150212sci mooring

Harbor management officials are questioning legislation that proposes new state mooring fees on top of existing local mooring fees.

Local harbormasters and harbor management officials are questioning proposed legislation that would add a state mooring fee on top of the existing municipal fee.

Reps. Joseph Trillo (R-Dist. 24) of Warwick and Scott Slater (D-Dist. 10) of Providence, co-sponsored the legislation, House Bill 2015 H-5257, that would allow the state to collect between $150- $500 in mooring fees per vessel, depending on the size of the mooring. The proposed bill would add a $150 fee for moorings up to 500 pounds; $250 for moorings between 500-1,000 pounds; and $500 for moorings of more than 1,000 pounds.

“This is something different and this comes out of left field,” said Harvey Cataldo, chairman of the Narragansett Harbor Management Commission. “The state comes up with this idea and I don’t know how they came up with it.”

“I found out about that last Tuesday morning and when I read it, I had no idea that was coming, that’s for sure,” said Narragansett Harbormaster Kevin Connors. “No one notified me about it at all. I found out about it from a third party.”

Cataldo said there are approximately 300 moorings along the shores of South County. Most of those moorings are for vessels less than 500 pounds, he said, but moorings near the University of Rhode Island Bay campus can accommodate vessels of more than 1,000 pounds.

Narragansett, for example, already charges $8 per foot for resident mooring fees and $12 per foot for nonresidents, but the town has a minimum rate of $120 for residents and $180 for nonresidents.

“You’re going to find a lot more people starting to trailer their boats,” Cataldo said. “It’s an enormous fee. I know one person who said, ‘Me and my wife have been hemming and hawing about whether to keep this boat in the water.’ This would be the tipping point for them.”

In East Greenwich, mooring fees are $165 for residents and $300 for nonresidents or commercial vessels. The town takes in approximately $28,000 in mooring fees annually, according to Harbormaster James Cullen.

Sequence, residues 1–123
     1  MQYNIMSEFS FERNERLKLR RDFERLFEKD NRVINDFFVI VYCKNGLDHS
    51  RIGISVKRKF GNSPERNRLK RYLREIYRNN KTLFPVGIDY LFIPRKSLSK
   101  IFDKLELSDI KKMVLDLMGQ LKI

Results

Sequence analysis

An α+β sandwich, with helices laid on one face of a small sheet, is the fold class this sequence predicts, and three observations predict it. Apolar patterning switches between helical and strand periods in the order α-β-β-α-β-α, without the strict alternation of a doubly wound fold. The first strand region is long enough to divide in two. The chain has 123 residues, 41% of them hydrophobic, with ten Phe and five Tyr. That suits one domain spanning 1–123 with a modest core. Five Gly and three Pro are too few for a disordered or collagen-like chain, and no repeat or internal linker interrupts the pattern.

“The people with the million-dollar houses who have million-dollar boats, this isn’t going to affect them,” Cullen said. “But the local guy, who has a 20-footer and wants to take his family out and wants to do some fishing, if you tack on a couple hundred bucks a year before you even splash the boat, it’s not going to help him.”

“I think this is a tax on the boaters who aren’t as fortunate as the other boaters,” Conners said. “The people who have the 50-foot boat aren’t going to be hit by this fee. But the little guy who has the 13-foot whaler on Narrow River? How fair is that? That just doesn’t make any sense.”

Trillo said he brought the bill forward after constituents complained about not being able to get a mooring and about “a lot of abuses going on right now” with moorings.

One of those abuses, Trillo stated, is people who “keep it for their life and the life of [the] entire family,” which he believes is unfair. “This is to stop people from owning moorings and leaving them in their wills,” he said. “We’re trying to create a fairer system for moorings.”

Cataldo countered at least some towns, including Narragansett, prevent families from keeping a mooring for generations.